PA Leadership Series: Nicole Schtupak, PA-C

PA Leadership Series: Nicole Schtupak, PA-C Physician Assistant

We are continuing our celebrations of PA week by featuring another amazing PA for our PA Leadership series! I was so fortunate to have met Nicole during the Florida Academy of Physician Assistants (FAPA) Summer Symposium in Marco Island this year and I’m so thankful I did! She can best be described as a “powerhouse” and is such a fantastic example of PA leaders who give back!

Nicole Schtupak works clinically as a PA in emergency medicine and holds several leadership roles including FAPA South Regional Director, American Academy of PAs (AAPA) House of Delegates (HOD) alternate, and adjunct professor for Barry University. She has received several awards for her philanthropic work and is a great example of how PAs can raise awareness of our profession by getting involved in the community. She is a mentor and all-around awesome PA and we are so glad to feature her this week!

PLUS- since it’s PA Week, there’s another giveaway for PAs!

Nicole Schtupak, MCMSc, PA-C, RDMS (AB OBGYN BR), South Regional Director, FAPA and AAPA House of Delegate, alternate photo credit: Cleveland Clinic of Florida

Tell us a little about yourself! What is your role as a leader?

As a registered diagnostic sonographer with fourteen years of experience, I graduated from the physician assistant program at Barry University; suma cum laude on December 12, 2015 with a passion and love for emergency medicine. Currently, employed full time in the main ED, per diem in interventional radiology at Cleveland Clinic Florida, also a trained critical care flight PA with Atherias Aviation. I enjoy the interaction with my patients, and I want to continue helping individuals on a larger scale, making a greater contribution to the health and well-being of my patients.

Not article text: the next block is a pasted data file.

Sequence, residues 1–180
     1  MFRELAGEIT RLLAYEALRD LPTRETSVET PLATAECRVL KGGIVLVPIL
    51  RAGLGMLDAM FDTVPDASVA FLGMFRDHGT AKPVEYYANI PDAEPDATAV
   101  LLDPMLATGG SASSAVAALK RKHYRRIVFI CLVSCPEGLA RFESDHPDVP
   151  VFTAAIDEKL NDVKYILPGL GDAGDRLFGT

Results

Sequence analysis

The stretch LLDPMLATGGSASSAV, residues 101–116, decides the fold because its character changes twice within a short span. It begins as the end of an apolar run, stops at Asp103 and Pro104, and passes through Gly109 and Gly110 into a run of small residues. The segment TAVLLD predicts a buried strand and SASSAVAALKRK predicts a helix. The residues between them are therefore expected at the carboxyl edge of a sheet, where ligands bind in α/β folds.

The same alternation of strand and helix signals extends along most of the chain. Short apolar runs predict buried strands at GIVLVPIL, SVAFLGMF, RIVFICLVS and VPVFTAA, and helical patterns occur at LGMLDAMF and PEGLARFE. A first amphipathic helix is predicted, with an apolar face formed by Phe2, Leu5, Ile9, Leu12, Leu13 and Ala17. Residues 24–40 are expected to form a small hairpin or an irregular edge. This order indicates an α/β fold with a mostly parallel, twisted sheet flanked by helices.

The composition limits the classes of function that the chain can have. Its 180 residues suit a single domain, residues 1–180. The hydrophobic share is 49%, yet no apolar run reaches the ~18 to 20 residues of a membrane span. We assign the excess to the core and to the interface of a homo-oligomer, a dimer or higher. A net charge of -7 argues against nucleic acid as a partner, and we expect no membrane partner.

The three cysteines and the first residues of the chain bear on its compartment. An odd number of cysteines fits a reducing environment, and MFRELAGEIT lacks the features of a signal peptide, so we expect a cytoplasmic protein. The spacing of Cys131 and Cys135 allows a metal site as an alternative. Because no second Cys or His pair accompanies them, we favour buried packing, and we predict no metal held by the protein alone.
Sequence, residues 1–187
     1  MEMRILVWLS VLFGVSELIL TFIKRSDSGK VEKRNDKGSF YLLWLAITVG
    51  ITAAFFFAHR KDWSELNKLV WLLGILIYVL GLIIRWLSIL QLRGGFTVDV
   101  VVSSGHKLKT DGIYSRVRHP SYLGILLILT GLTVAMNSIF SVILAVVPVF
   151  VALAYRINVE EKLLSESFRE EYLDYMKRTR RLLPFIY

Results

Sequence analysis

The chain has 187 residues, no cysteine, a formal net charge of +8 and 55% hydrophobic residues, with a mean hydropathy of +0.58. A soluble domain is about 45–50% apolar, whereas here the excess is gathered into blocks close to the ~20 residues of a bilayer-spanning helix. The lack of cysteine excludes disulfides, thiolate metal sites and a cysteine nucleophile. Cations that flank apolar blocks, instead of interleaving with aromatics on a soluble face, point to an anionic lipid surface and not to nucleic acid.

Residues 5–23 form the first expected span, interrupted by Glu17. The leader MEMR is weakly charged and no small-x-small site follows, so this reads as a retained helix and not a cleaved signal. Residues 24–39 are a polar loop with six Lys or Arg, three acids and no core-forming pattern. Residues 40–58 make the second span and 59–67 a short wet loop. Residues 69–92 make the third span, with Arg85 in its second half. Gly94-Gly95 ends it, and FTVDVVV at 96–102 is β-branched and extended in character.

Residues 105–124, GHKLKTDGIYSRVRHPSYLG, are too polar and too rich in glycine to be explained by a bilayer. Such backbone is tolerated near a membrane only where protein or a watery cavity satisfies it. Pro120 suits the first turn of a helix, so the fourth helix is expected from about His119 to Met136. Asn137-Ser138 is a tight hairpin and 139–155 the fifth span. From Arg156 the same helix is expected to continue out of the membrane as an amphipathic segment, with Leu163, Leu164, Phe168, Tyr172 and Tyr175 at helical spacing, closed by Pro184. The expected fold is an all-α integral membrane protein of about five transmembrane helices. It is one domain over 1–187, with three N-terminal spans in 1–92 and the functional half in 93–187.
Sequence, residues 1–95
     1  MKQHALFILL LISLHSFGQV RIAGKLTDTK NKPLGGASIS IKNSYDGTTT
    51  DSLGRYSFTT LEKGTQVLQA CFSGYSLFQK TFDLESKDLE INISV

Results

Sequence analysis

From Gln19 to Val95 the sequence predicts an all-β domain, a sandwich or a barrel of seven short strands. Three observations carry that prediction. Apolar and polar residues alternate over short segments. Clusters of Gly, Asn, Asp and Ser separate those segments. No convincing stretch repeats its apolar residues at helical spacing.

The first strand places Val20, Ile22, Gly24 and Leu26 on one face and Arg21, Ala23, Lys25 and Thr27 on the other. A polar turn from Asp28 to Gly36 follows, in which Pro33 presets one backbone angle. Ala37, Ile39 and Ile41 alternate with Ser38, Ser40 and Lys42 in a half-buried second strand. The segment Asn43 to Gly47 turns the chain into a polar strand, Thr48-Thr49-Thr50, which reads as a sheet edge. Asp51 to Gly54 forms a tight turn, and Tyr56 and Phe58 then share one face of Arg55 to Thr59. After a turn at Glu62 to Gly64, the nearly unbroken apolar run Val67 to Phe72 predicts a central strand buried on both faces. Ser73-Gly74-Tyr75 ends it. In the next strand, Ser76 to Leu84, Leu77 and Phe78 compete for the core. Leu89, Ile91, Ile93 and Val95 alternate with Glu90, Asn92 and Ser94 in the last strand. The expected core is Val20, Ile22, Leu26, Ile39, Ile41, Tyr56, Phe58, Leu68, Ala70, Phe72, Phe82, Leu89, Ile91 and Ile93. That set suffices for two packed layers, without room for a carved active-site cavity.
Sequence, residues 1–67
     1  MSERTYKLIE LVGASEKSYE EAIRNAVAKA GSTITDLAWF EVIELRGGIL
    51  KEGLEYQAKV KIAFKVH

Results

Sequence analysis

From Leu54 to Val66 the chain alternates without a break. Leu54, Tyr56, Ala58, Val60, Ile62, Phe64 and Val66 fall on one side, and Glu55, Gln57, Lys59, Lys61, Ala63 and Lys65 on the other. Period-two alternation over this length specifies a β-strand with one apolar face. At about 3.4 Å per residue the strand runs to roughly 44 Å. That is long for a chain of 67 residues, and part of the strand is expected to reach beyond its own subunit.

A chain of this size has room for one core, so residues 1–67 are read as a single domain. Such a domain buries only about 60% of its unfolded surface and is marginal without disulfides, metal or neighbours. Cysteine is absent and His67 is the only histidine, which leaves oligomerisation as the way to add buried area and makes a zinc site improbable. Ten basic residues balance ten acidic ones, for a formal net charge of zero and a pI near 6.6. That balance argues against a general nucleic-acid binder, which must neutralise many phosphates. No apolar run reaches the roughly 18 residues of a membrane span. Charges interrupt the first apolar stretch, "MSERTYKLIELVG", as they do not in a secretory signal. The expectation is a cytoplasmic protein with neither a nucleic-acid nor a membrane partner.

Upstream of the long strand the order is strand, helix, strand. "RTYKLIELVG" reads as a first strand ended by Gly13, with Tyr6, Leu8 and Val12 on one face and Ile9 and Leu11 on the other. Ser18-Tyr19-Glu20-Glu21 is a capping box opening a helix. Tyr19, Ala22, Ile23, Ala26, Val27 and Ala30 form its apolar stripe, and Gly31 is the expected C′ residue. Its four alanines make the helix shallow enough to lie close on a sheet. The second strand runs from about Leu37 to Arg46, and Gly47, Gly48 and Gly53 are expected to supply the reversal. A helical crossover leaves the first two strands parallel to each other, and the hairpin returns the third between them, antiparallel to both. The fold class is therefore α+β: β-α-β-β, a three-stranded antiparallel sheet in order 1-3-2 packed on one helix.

Sharing those intimate moments with my patients is what makes all the difference for me. Being there as an ear, or a voice for them, being their advocate and seeing the gratitude in their eyes, is why I do what I do.

Nicole Schtupak, MCMSc, PA-C, RDMS

As a diagnostic medical sonographer over my 14 years, I’ve obtained multiple specialized board certifications, and have been trained in a wide array of interventional and sonographic procedures, and various aspects of general medicine; adding a nice compliment to the PA training I have received. Honestly, I had no idea I would fall in love with ER and critical care. I was all about “girl parts” and GYN oncology. However, on my ER rotation while in PA school, on my second day… it was my attending who asked what area I was interested in. I said GYN oncology… He said… “No, I don’t think so, you’re made for ER”. I laughed and said, ” who wants to do this all day!”  But the more I was there, and I realized how challenging it is… I realized that he was right, emergency medicine fits my personality completely. I love that you never know what you’re going to get, emergency medicine always keeps you on your toes. Each day and shift are different. But what I love most, is helping those who come through my doors, who have been other places and have not been able to figure out what is ailing them… I have been so fortunate to have been able to figure out and help so many who had been searching years for answers. Sharing those intimate moments with my patients is what makes all the difference for me. Being there as an ear, or a voice for them, being their advocate and seeing the gratitude in their eyes, is why I do what I do.

Right to left: Nicole Schtupak, MCMSc PA-C RDMS, Jennifer Davis, PA-C, Jasmine Oberman, PA-C. October 10th, 2019 winners of “Outstanding PA department” for the Cleveland Clinic system , Cleveland Clinic Florida Weston ER

Giving Back

I am entering my second term as the South Regional Director for the Florida Academy of PAs and remain an adjunct professor at Barry University PA program. Additionally, hold a seat on the AAPA House of Delegates as an alternate. When I took on this role as South Regional Director, I had not ever held a leadership spot for the Florida Academy of PAs, however, I was excited for this new role. My goal (s) were/ are to increase awareness in the community about PAs. Build a south region team that had the same goals, with the passion and drive to advocate for our profession in our region. My team is absolutely incredible. We had such a fantastic year in the south, none of which could have been accomplished without them. Some of our community events are:

  • Organized Hurricane Relief Drive, Island of St. Croix- a truly successful hurricane relief drive for Barry University students that were displaced from 2 cat 5 hurricanes                  
  • Annual South Regional Children’s Hospital Toy Drive – over 500 toys collected over the past 2years and distributed to the 3 children’s hospitals in South Florida.
  • Thanksgiving Regional Drive and volunteered with Big Heart Brigade
  • FOX School supply Drive
  • Annual PA Week Events at Cleveland Clinic Florida
  • Skin Cancer Awareness
  • Beach Cleanup
  • FAPA PAC Fundraiser at the Improv